October 1, 2009

Floral Alternatives: My first attempt!

On my way home from work last night I was thinking about all of the alternative floral options about which I've recently blogged, and I realized that I had the materials in my house to make most of them.  Or, at least make a mock-up of most of them!

My first attempt at our prospective DIY flowers was a slight variation of these:


If you follow the "source" link, you'll find a tutorial.  However, being the stubborn girl that I am, I attempted to make them without reading it.  Yeah, I'm that girl... the one who's tried to assemble every piece of Ikea furniture she's ever owned without reading the instructions.  Of course this was no exception!

For those of you who aren't that girl, this is what I did:

Step 1:

Gather all of your materials.  I used fabrics, pinking shears, buttons, floral wire (mine was from an old Martha Stewart crepe paper flower kit), and thread.  Lay everything out neatly and take a picture to include in your blog  : )  Not shown: sewing machine, needle (to hand stitch), and floral tape.

Step 2:

Cut a long strip of fabric.  I didn't measure, but I'd say it was about three feet by two inches.  Unlike my inspiration photo, I decided not to fold the fabric in half; I made it single-ply instead.  In hindsight, I think doubling it would give the flower more volume and make the edges cleaner.

Step 3:

This step is unnecessary, but I decided to sew a decorative zig-zag stitch along what will be the outer edge of the "petal."

Step 4:
After I sewed the zig-zag, I flipped the strip of fabric around and sewed a plain-Jane straight-stitch (I have no idea what these stitches are actually called) set at the longest stitch-length setting.  Make sure you leave long "thread tails" on each side.

Step 5:

Separate your "tails."  While holding on to one thread, gently push the fabric toward the center, bunching it up into small ruffles.

Step 6:

When you're finished bunching, it should look like a scrunchie that you wore when you were little : )  I tied the thread tails together to secure the, um, scrunchiness.

Step 7:

This is where I got out the needle and thread and started to form the flower shape.  You basically curl the fabric in on itself and tack it down with a stitch or two.  Actually, it was really more like 100.  I got tired of making stitches...

Step 8:

...so I cheated.  Once everything was generally in place, I sewed a small square to make sure everything was good and secure.

Step 9:

Turn it over and admire your flower!  Please ignore how messy the center looks...

Step 10:

I sewed a button to the center of the flower to hide all of my messy stitches.  And to make it cute.  I mean, buttons make everything cuter, right?  My stitches were so messy that I should have used a larger button!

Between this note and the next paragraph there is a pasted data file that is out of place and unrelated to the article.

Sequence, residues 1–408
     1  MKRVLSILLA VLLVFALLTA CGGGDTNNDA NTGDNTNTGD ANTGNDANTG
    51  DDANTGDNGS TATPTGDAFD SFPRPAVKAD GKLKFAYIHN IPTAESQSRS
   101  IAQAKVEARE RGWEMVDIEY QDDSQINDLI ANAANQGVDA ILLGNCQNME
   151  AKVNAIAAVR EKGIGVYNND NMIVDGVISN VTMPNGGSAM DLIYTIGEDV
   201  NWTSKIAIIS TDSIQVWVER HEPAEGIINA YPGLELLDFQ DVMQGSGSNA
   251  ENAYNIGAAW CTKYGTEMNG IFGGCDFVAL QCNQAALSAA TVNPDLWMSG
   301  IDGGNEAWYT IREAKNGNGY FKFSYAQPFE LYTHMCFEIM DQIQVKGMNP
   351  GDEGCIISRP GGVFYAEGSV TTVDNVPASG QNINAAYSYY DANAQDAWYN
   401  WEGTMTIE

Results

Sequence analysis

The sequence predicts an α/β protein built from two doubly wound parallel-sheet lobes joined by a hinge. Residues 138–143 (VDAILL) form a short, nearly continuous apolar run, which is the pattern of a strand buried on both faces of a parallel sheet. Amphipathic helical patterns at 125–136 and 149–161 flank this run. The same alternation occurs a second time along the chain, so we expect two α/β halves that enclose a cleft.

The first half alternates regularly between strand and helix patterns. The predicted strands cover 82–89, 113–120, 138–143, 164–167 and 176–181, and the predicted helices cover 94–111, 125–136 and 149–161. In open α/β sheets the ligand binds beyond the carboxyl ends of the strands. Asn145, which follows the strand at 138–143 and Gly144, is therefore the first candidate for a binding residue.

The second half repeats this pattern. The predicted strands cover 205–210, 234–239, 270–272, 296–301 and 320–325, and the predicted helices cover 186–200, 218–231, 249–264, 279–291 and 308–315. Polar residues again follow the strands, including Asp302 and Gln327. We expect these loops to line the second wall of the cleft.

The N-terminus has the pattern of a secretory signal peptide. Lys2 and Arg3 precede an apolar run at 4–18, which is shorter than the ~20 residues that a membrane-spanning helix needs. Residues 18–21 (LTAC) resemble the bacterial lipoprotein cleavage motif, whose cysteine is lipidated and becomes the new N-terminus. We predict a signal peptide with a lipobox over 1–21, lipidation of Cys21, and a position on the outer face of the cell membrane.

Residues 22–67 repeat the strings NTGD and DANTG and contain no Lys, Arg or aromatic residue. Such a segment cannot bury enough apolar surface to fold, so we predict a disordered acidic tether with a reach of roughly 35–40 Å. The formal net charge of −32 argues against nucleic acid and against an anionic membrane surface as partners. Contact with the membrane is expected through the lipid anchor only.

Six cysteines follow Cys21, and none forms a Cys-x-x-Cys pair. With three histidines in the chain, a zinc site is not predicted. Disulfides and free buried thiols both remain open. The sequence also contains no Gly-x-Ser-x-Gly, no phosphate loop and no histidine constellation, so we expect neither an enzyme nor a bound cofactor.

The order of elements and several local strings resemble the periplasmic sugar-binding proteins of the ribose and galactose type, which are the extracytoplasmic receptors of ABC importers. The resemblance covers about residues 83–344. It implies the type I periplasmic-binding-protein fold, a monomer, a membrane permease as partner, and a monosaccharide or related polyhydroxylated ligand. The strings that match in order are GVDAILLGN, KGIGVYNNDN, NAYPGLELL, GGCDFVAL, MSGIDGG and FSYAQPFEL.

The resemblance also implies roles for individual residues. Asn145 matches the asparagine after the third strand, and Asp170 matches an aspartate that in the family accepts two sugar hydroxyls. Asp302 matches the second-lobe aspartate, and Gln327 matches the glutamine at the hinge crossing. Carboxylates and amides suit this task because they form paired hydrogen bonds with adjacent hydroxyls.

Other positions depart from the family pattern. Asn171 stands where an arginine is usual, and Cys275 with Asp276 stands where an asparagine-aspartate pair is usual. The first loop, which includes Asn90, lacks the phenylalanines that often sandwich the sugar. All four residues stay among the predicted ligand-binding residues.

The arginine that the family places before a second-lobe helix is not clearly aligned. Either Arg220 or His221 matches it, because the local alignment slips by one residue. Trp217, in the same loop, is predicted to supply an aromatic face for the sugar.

Step 11:

These next few steps are optional.  I only made leaves because I wanted to see if I'd be able to recreate this.  So I doubled up some fabric and free-cut some leaf shapes.

Step 12:

I sewed them together with a teeny straight-stitch, and pinned them to a small piece of floral wire.

Step 13:

After setting my machine to a zig-zag stitch, I tested out the stitch length and width on a piece of scrap fabric.  When everything was set correctly, I made sure the wire was centered between the needle's entry points and started sewing.  The floral wire was a little bit sticky because it was pre-covered in floral tape; it stuck as I was sewing and made the stitches gap.  If you make sure to push it through as you're sewing, your stitches should be more even.

Step 14:

I repeated step 13 for the other leaf and attached them both to the stem with floral tape.  The loop on top is what I'll use to secure the stem to the flower.

Step 15:

 Pin the loop down and sew it on with a needle and thread.  Make sure it's sewn down tightly on all sides!

Step 16:

Turn it over, put it in a small vase and admire your pretty fabric flower!

All in all, I think it came out alright.  There are a few changes I'll make next time, though.  I'll fold the strip of fabric in half first; I like the cleaner edges of my inspiration photo better than my unfinished edges.  I'll definitely make sure my stitches are neater, and I think I'll make the strip narrower... the flower was a little bit too big.

What do you think?  Would you have done anything differently?  I'm still a sewing-machine-novice, so I'd appreciate any tips!

Have you tried to recreate any inspiration projects while forgoing the tutorials?  How did they turn out?

1 comment:

  1. Jenna, I LOVE your blog! I seriouly think we have the same exact vision! I want to hire you to help me with my wedding some day! Fabric flowers? YES! Buttons? YES! And I love the flags down the aisle... sigh... :)
    lisa monteiro